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Way Out West have recently released their fourth studio album We Love Machine, which is available to buy direct in a number of packages from their website: www.wayoutwest.mu
Titans: a term that’s been fading from public consciousness since the
film with the gold fleece and Argonauts. The rise of UK dance music
in the early 1990s saw the word in mass circulation, however:
“titans” flowered like the Fibonacci sequence, a string of formidable
double-acts helping generations choose their own pulse rate. Massive
Attack, Leftfield, Underworld, Orbital… all rolled boulders across
the plains of electronica; all gave the’90s a hypo. On the prow of
some serious Pete Tong time came twelve-bore Bristolites Way Out
crackling with invention.
See: the shimmering breaks of club hit “The Gift”, a rebirth of “The
First Time Ever I Saw Your Face” that sired an alleged four hundred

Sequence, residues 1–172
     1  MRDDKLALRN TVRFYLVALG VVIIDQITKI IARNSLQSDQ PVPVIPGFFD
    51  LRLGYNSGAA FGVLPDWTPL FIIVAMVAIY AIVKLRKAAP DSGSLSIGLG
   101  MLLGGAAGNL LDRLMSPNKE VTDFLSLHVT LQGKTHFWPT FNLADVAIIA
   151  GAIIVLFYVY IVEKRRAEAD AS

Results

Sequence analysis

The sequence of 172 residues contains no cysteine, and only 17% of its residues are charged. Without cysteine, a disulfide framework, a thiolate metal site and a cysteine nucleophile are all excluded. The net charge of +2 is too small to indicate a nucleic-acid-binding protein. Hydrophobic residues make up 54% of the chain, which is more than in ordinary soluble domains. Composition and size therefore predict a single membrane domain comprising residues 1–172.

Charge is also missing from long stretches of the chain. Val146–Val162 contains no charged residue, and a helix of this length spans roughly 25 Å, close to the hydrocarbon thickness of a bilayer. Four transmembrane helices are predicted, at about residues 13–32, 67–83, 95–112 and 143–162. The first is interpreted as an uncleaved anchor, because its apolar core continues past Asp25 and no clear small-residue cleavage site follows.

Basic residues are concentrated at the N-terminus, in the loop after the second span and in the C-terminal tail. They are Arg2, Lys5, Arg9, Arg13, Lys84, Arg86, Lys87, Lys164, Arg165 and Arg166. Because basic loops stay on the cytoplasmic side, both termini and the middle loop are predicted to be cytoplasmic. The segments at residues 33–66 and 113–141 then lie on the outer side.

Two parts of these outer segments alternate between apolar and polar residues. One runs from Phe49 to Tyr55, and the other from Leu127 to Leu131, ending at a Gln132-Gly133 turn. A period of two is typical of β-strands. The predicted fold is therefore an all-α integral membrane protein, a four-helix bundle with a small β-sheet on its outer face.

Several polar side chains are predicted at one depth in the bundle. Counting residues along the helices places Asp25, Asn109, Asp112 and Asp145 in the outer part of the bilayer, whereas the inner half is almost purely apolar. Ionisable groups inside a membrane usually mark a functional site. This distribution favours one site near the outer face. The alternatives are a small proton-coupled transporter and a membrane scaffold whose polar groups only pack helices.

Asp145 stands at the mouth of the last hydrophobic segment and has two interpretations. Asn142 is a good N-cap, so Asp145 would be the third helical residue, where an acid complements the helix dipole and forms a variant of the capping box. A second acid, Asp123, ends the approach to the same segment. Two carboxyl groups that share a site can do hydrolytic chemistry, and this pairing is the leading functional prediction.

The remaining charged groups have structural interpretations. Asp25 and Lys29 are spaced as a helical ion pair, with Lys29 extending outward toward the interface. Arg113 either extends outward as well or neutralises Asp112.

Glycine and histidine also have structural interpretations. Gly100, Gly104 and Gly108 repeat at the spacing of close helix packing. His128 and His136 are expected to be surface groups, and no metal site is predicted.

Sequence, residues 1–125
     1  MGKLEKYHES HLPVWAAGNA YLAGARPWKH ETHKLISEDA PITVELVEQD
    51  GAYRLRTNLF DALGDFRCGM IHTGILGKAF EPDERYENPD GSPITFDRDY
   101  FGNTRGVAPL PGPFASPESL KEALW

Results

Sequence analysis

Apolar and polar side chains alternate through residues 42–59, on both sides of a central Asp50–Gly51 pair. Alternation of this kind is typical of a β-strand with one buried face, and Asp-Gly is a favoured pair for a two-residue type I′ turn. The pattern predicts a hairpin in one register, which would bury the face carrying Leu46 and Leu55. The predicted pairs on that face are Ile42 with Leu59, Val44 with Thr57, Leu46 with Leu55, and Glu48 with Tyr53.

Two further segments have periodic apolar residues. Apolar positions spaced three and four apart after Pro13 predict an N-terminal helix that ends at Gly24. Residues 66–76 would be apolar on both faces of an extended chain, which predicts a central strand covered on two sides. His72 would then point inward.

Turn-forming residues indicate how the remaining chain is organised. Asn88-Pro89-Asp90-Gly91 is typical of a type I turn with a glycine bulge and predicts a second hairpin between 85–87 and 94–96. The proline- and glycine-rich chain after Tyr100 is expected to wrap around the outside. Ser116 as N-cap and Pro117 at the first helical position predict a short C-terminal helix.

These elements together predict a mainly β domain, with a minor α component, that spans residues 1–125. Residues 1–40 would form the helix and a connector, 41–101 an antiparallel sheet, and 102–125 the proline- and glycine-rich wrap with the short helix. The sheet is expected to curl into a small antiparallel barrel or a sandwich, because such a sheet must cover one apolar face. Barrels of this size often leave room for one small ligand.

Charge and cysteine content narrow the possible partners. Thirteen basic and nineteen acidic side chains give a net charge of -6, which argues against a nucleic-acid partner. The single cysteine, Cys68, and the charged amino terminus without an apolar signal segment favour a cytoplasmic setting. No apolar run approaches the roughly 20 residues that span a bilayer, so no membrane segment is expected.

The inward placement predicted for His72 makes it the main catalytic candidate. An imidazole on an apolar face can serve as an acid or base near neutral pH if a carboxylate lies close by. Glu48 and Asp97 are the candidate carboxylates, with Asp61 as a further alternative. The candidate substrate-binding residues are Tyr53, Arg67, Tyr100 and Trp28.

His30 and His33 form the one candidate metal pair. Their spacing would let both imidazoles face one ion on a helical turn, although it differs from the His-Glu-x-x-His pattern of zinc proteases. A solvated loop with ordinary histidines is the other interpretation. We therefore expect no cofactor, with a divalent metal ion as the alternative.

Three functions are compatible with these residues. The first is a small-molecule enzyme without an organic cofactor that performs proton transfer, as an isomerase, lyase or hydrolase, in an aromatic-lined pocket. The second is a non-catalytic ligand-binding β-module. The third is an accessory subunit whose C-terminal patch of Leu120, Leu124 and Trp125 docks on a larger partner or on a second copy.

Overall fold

remixes (eat that, “Born Slippy”). See: “UB Devoid‘s" tectonic
lusciousness, soaring like a runaway hover board when the rest of the
scene seemed content to animate eighteen-year-olds. The albums that
spawned them, Way Out West (1997) and Intensify (2001), were replete
with commercial potential-so much so that the duo cut loose for
2004’s Don’t Look Now, galvanizing hordes at a sun kissed Glastonbury
when they hit them with the airbrakes of “Anything But You”.
Fast forward to 2009, and Messrs Warren and Wisternoff unveiled We Love Machine: their fourth full album
in sixteen years of partnership. The Way Out West LPs come slowly,
like comets, but when they hit it’s with the impact of alien
technology:Nick’s marriage to his beloved Global Underground line
keeps him pinned to a factory of innovators, and Jody’s nu disco
sidestep with Starstrings showed he can dish out the hits
like a cruiserweight. If the Spaceman EP got your neck
hairs prickling, you can expect stars to fall when you experience
We Love Machine.